In Credit from the Crunch

‘Has the banking crisis cost the taxpayer £2 billion, £131 billion or £500 billion?’

Economy Marketplace

Did the official Treasury document about the first Osborne Budget contain a misprint? On page 74, it carried the statement: “Using the latest market prices, the cost of the financial sector interventions, net of fees and other income, is estimated at £2 billion.” In other words, the Treasury believed on Budget day — June 22 — that the cost to the taxpayer of the banking crisis was £2 billion. 

Only £2 billion? Surely the figure is £20 billion or £200 billion or even, given the supposedly galactic folly and iniquity of Britain’s bankers, £2,000 billion. Isn’t there a nought or three missing? 

The recent report from the Future of Banking Commission, masterminded (if that is the right word) by the MPs David Davis and John McFall, asserted: “The immediate and direct public costs of bailing out the UK’s banks is estimated at £131 billion in cash injections, along with additional state guarantees amounting to £850 billion.” Alternatively, recall John Kay’s well-regarded column in the Financial Times on May 11: “The party ended with the bankers begging at the back door…We are likely to have borrowed at least £500 billion extra on their account.”

So what is the right answer? Has the banking crisis lost the taxpayer £2 billion, £131 billion or £500 billion? 

All these numbers are wrong. The truth is that the taxpayer will make an immense profit from the state’s financial sector interventions, not a loss. At the simplest level, banks fully or partly owned by the government have, since the Budget, announced profits and the share prices of the two publicly-quoted banks, RBS and Lloyds, have risen. If the government’s stakes were sold now, a profit of more than £5 billion would have been earned.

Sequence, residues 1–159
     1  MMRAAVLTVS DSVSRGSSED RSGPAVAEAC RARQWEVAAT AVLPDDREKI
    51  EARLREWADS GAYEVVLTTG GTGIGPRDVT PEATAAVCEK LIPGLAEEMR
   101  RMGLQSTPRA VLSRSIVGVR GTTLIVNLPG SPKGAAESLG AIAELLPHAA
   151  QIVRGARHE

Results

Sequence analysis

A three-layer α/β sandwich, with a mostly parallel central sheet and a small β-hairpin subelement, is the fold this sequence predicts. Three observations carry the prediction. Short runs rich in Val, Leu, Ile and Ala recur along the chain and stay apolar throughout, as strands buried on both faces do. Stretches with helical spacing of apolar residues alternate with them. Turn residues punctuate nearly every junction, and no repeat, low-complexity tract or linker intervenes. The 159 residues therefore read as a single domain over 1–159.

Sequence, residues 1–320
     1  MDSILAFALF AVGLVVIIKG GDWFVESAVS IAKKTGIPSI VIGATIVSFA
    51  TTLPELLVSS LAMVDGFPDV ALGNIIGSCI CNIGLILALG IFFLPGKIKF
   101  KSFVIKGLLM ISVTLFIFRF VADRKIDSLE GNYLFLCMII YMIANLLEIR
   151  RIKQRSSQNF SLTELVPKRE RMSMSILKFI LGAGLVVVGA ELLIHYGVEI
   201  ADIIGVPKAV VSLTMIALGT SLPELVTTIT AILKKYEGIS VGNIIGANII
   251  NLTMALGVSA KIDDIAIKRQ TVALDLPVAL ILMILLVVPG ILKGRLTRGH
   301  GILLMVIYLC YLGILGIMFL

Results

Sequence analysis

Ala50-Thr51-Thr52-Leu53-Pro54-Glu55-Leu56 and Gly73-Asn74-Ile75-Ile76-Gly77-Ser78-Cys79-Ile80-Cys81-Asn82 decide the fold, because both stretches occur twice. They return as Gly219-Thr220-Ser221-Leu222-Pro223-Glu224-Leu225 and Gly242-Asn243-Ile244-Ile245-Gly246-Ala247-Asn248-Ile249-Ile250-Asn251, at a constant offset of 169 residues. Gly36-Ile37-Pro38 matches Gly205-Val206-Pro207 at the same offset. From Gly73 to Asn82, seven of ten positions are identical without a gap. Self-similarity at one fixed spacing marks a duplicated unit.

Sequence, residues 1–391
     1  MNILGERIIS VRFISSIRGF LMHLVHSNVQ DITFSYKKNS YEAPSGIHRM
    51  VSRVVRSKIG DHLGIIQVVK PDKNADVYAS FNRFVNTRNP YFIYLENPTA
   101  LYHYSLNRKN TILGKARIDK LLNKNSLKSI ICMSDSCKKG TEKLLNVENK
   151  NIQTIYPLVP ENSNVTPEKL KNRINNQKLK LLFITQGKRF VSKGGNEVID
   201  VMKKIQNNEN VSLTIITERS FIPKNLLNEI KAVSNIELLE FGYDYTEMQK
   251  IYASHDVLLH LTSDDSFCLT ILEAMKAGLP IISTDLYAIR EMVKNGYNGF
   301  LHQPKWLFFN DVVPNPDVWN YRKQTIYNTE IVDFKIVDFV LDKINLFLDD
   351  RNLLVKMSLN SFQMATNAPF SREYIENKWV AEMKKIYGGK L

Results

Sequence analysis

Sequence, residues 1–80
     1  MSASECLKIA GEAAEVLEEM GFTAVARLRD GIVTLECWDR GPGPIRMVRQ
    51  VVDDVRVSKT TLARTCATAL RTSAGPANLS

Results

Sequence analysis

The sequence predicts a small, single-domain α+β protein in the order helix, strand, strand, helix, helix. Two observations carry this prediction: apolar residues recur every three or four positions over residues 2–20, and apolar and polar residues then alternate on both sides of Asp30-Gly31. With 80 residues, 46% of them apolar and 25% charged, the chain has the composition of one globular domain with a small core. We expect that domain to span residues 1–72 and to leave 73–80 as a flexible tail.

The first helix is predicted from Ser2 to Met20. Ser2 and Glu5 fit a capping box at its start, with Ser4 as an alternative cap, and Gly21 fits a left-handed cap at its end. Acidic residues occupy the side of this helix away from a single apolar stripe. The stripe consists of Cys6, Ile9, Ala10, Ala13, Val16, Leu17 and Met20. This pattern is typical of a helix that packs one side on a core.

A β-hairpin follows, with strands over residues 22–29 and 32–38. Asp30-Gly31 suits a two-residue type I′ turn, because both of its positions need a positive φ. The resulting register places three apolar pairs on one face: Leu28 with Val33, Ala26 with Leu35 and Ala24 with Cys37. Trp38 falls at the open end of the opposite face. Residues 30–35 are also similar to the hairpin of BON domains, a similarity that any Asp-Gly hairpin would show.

More fundamentally, the government has been engaged in large-scale racketeering that will result in a substantial wealth transfer from banks’ shareholders to taxpayers in general. Its behaviour towards the financial sector in the two years to spring 2009 breached a long-standing implicit contract: a solvent UK bank that had complied with regulations should be able to borrow from the Bank of England if it had a cash problem. The breaching of this contract enabled the government to stigmatise and vilify the banks. 

The state was able to expropriate the equity of Northern Rock and Bradford & Bingley and came close to taking the entire system into public ownership. In January and February 2009, Vince Cable and John McFall openly advocated the nationalisation of the banks and did not bother with the legal nicety that the banks’ owners might be entitled to compensation. In that context, the government was able to acquire its big stakes in RBS and Lloyd’s at knockdown prices. 

The size of the eventual “taxpayer profit” remains a matter of guesswork. Assuming that the status quo ante is restored, the UK’s banks ought eventually to trade at roughly twice their so-called “book value”, in line with the historical norm. That would imply — say in 2013 or 2014 — a share price for RBS about three to five times the current level, and for Lloyd’s about twice, while the disposal of Northern Rock and Bradford & Bingley might raise about £5 billion. On this basis the taxpayer’s profit — and the shareholders’ loss — would be well in excess of £100 billion. Contrary to Kay’s conjecture in his FT column, the state’s intervention in the banks would lead to a significant drop in the national debt.

The last paragraph is so far from the current media consensus that it may make eyes pop. Time will tell. Whatever the precise outcome, the “taxpayer profit” must not be celebrated. The crisis was a shocking demonstration of how much damage the political class and commentariat can do when they misunderstand a complex technical subject. Gordon Brown — the presiding “genius” over the blunders — was enraged if any of his staff suggested that the crisis was one of illiquidity, not insolvency. The emergence of a taxpayer profit confirms that the banks had a cash problem (that is, they were illiquid) and were not bust.

In his years as the longest-serving Chancellor of modern times, Brown did not acquire — and was not expected to acquire — a deep understanding of the plumbing of the building in Whitehall where he worked. The truth is that he also never became an expert on the meaning of bank balance sheets and the plumbing of the UK financial system. His ignorance about the workings of key institutions in a capitalist economy was wilful, profound and scandalous and was responsible for Britain’s worst economic disaster since the 1930s.